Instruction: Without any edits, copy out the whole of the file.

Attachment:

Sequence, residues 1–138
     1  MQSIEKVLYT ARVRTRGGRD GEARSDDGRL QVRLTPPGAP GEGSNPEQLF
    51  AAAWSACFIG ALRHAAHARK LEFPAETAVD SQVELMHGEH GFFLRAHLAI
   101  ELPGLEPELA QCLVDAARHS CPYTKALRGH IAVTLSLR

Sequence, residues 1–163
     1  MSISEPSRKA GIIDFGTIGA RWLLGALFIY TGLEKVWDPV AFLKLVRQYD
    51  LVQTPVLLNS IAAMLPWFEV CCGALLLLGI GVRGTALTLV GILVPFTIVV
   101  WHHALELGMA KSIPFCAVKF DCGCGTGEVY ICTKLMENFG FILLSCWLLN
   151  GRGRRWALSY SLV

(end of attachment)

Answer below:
Sequence, residues 1–138
     1  MQSIEKVLYT ARVRTRGGRD GEARSDDGRL QVRLTPPGAP GEGSNPEQLF
    51  AAAWSACFIG ALRHAAHARK LEFPAETAVD SQVELMHGEH GFFLRAHLAI
   101  ELPGLEPELA QCLVDAARHS CPYTKALRGH IAVTLSLR

Sequence, residues 1–163
     1  MSISEPSRKA GIIDFGTIGA RWLLGALFIY TGLEKVWDPV AFLKLVRQYD
    51  LVQTPVLLNS IAAMLPWFEV CCGALLLLGI GVRGTALTLV GILVPFTIVV
   101  WHHALELGMA KSIPFCAVKF DCGCGTGEVY ICTKLMENFG FILLSCWLLN
   151  GRGRRWALSY SLV